Hello everyone! Things have been quiet on the blog front recently because I’ve been writing about whales and dolphins for my job! I work as coordinator of Music Planet, an initiative at the University of St Andrews which brings together musicians, scientists and other researchers to explore the relationship between humans and their environment through the performing arts. The goal is to engage new audiences with environmental research and get people to connect to climate change the way they connect to art and music.
The past month and a half I’ve been working to prepare for New Music Week, an annual celebration of innovative new compositions. For two of the events, I’ve been lucky enough to work with the research of leading marine mammal biologists who work at the Sea Mammal Research Unit in St Andrews. The featured composer this year at New Music Week is a Canadian woman called Emily Doolittle who describes herself as a zoomusicologist. She’s fascinated by animal sounds and how humans perceive them as music. Two of her pieces are being performed as part of New Music Week – Social Sounds of Whales at Night, which is named after the label on a St Andrews researcher’s recording of sperm whale clicks, and Conversation, a new piece which has been commissioned specially for New Music Week. Conversation was inspired by research Doolittle undertook with marine biologists in St Andrews about the haunting howls of grey seals when they’re hauled out on the beach. I haven’t heard either piece yet, but you can listen to one of Doolittle’s other pieces on Youtube here – the imitation of birds, whales, and other seaside sounds is really uncanny!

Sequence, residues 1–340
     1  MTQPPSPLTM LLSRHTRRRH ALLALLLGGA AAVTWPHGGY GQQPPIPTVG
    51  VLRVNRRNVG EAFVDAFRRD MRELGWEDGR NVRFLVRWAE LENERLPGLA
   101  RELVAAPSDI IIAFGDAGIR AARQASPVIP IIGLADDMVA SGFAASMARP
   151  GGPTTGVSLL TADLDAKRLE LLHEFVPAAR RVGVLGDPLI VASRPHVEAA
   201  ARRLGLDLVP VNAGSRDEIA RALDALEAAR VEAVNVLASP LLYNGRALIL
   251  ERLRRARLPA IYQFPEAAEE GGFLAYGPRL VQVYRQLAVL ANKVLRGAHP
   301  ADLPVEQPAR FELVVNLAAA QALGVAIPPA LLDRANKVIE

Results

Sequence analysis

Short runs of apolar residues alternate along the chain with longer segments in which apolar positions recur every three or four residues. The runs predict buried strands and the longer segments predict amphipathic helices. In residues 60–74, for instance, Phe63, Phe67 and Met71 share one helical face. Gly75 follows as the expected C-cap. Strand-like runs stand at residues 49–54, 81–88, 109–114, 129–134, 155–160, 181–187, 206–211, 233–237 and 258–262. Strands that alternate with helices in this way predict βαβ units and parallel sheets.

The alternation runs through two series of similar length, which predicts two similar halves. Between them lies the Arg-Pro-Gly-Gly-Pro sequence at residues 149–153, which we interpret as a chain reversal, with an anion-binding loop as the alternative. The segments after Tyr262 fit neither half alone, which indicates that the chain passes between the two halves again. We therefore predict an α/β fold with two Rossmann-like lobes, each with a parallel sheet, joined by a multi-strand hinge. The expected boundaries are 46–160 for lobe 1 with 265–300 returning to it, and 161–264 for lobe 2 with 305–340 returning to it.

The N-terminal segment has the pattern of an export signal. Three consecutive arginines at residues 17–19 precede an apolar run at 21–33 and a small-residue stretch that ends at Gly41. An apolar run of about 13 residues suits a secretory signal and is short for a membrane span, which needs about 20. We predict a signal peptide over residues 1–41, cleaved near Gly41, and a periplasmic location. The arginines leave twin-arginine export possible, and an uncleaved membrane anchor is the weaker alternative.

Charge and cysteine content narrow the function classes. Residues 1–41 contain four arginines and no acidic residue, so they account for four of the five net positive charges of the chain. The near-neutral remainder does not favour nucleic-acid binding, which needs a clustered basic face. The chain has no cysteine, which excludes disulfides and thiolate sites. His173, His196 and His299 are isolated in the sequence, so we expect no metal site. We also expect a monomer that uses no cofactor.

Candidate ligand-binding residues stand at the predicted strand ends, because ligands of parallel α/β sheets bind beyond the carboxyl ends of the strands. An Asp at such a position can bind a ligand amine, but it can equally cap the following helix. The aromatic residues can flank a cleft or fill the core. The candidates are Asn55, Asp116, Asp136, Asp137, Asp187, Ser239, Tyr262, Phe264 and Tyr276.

I’ve put together a blog post for the Music Planet website highlighting the intersections between music and science that underpin the concert programme. Although it’s a little different than the usual Wandering the Whale Road fare, it’s all about human responses to the musical cultures of marine mammals, so I hope you find it enjoyable! It includes a video of a whale-inspired composition workshop with local schoolchildren and the chance to hear rare recordings of grey seals howling. I am really lucky to have a job that allows me to explore my personal interest in how the captivating world of cetaceans inspires the human imagination.